Grobotz_AppGroBotz has just been launched on KickStarter, where the developers look to raise at least $300,000 to go ahead with production. The simplest kit is composed of Light Game Cube and battery with a GroBotz T-Shirt and builders cube (which must be the plastic enclosure for the module), and requires a $50 pledge, but if you want something a bit more fun like the GroBie shown on the first picture, you’ll need to pledge $100 in order to receive 2 DC Motors, a brain  (Raspberry Pi), a battery and charger, a caster, and 2 wheels, and there are other rewards with for example $500 for 30 building blocks. Delivery is scheduled for August to October 2015 depending on the chosen perk. You may also want to visit grobotz.com for a few more details.

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Robotics News – Hack-E-Bot and RiQ Educational Robots, and Maker Club 3D Printed Robots (Pre-Orders / Crowfunding)

November 6th, 2014 1 comment

I’ve come across several robotic projects this week, so instead of picking one up, or writing a post for each, I’ll summarize the three products into one post. Two of the projects are educational robots based on Arduino, with the sub $50 Hack-E-Bot, or the more advanced RiQ robot, and Maker Club is a company providing the electronics for robotics kit, and you print the plastic parts with your 3D printer.

Hack-E-Bot Robot

Hack-E_Robot

Hack-E-Bot is an affordable open source robot that hopes to encourage children to learn about engineering, electronics, and programming. The robot is powered by Adafruit’s Trinklet Arduino compatible board, connected to a breadboard, and some add-on boards sensors. The basic version comes with a Sonar sensor, but more add-on boards are on the way including bump sensors, a buzzer, colored lights, a claw, a servo scanner, and so on.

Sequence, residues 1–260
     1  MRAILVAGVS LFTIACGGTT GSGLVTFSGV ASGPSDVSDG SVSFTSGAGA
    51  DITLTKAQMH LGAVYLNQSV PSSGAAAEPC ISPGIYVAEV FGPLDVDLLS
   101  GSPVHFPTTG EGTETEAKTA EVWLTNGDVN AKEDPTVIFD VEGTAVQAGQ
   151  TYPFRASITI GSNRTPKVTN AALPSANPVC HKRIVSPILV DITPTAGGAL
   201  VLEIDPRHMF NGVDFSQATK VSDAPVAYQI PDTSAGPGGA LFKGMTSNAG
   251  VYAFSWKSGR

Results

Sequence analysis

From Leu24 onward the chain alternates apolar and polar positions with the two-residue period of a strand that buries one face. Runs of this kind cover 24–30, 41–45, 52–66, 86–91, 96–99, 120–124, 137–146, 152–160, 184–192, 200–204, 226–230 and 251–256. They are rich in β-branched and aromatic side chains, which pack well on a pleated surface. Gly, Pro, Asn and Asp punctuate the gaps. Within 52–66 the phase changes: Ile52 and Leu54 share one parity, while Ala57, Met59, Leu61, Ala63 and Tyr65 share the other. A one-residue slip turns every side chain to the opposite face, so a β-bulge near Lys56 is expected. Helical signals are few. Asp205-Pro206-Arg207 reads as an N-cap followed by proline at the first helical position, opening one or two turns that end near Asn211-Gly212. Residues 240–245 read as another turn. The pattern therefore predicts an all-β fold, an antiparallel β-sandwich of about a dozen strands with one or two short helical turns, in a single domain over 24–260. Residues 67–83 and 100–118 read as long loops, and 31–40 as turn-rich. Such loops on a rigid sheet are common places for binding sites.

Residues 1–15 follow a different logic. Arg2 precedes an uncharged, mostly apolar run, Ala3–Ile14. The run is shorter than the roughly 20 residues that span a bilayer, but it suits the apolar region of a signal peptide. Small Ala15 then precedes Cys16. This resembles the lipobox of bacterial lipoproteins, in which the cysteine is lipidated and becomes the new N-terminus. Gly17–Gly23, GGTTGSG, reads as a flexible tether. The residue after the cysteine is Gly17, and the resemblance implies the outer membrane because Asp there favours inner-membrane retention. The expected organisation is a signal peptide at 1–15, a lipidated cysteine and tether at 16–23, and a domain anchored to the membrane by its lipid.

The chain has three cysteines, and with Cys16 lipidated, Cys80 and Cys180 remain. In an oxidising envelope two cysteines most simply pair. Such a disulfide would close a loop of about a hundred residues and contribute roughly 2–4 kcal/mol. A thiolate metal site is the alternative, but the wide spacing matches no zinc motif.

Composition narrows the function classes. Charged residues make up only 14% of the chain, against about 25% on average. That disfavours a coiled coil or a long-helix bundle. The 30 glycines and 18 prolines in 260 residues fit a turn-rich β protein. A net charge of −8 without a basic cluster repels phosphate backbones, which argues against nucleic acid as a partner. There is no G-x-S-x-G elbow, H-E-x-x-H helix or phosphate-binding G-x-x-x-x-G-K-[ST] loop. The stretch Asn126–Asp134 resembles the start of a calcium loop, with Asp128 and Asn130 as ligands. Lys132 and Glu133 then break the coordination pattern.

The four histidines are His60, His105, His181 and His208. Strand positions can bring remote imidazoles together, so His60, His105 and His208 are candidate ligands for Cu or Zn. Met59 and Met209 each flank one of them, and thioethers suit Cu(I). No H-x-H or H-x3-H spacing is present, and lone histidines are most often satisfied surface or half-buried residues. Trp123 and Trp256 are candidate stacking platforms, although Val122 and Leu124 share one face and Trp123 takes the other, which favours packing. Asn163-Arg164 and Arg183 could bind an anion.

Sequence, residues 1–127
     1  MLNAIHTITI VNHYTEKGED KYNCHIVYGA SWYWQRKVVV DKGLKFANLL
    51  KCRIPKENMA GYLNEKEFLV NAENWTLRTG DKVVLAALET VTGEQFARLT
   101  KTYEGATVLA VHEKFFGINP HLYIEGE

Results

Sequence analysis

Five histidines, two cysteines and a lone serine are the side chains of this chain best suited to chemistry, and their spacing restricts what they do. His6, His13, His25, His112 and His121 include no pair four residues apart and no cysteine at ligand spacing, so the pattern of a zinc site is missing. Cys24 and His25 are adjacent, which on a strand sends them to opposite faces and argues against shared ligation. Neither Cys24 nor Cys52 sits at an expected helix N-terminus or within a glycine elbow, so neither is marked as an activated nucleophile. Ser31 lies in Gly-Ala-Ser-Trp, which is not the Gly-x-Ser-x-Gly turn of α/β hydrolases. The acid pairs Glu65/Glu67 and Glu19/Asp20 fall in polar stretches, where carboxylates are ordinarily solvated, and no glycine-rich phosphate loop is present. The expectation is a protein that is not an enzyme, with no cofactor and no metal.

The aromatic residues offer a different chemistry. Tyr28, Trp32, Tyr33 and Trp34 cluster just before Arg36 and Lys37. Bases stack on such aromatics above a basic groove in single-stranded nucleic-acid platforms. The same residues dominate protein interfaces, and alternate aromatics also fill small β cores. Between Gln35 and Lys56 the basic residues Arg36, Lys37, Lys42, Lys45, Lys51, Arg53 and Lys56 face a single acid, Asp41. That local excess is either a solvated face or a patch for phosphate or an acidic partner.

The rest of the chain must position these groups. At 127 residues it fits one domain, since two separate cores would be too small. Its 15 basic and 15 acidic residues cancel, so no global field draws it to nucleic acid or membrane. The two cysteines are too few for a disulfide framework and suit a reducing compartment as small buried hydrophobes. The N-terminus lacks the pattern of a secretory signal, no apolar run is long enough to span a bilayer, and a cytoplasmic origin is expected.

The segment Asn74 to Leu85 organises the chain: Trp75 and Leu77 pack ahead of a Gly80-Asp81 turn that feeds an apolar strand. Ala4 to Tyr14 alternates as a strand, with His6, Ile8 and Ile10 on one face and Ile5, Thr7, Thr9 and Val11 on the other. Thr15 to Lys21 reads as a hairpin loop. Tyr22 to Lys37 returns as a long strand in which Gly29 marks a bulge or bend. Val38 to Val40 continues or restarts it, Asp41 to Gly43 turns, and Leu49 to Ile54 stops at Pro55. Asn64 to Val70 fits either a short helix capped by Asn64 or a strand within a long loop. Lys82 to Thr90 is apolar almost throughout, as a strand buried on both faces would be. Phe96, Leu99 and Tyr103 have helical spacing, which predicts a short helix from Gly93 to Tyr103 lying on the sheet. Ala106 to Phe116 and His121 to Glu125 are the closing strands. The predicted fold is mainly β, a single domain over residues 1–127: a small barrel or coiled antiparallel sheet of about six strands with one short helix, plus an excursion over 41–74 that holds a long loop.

The project is listed on CrowdSupply, and has been funded. The campaign is closed, but you can pre-order a full Hack-E robot kit for $47 delivered in December 2014. Taking pre-orders after the campaign is completed is apparently an option on CrowdSupply that’s not found in Indieogo and Kickstarter.

RiQ Robot Kit

RiQ_Robot_Kit

RiQ is a robot powered by an Atmel MCU (ATmega328P), with a Bluetooth, ultrasonic/light.infrared/touch sensors, LEDs, a servo driver, and up to four DC motors. It’s programmed with PCS Cortex 5.0 drag-and-drop software that reminds me of Scratch, and that can also show the actual Arduino code help learn actual coding. iOS, Android, Mac OSX, and Windows are supported, and the connection to the “PCS BRAIN” is made via  USB or Bluetooth. The company provides tutorials for six robots: “Scaredy Bot” whose afraid of light, “Art” drawing bot, “Red Rover” which can follow “lines’ made of IR light, “Bounced Bot” to demonstrate the use of buttons, “Bat Bot” for obstacle avoidance with the ultrasonic sensor, and “Illumi Bot” which flashed bright LEDs.

You can find more information, and/or pre-order RiQ Robot Kit for $199 on Edventures Lab’s RiQ Robot page. Shipping is scheduled for mid-November.

Maker Club 3D Printed Robots

Carduino

Carduino 3D Printed Robot

Maker Club bots are also controlled by an Arduino compatible board called MakerConnect with Bluetooth Smart (BLE) connectivity. But instead of providing complete kits with all parts, the company will simply send you the electronics, and provide the CAD files so that you can 3D print your own robots. This saves on shipping (in theory), makes it more fun to build the robot, and easier to get replacement parts.

They’ve launched a flexible funding campaign on Indiegogo, where you can pledge for MakerConnect board only (29 GPB / $46), or one of the four robotics kit: “The Grabber” robotic arm (39 GBP / $62), “Quadmonster” with four servos (45 GBP / $72), “Carduino” (59 GBP / $94), or “Insectoid” some sort of spider with 18-servos (69 GBP / $110). If you don’t own a 3D printer, you can also add 20 GBP / $32 to get the 3D printed parts for the kit. Shipping is not included in the price, but “standard shipping costs” are expected to the UK, and between 20 and 35 GBP to the rest of the world. Delivery is scheduled for March or April 2015 depending on the perk.

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Arduino Compatible Microduino JoyPad with TFT Display Lets You Play Games, Control Devices, and More (Crowdfunding)

September 30th, 2014 No comments

Last year, Microduino successfully launched their tiny Arduino board and shields via Kickstarter, and they are now back on Kickstarter with Microduino Joypad, an other Arduino compatible board that also happens to be a gamepad with a small OLED display. It can be used in standalone to control games on the tiny display, as a gamepad for PC or game console, a control interface for quadcopters and robots etc…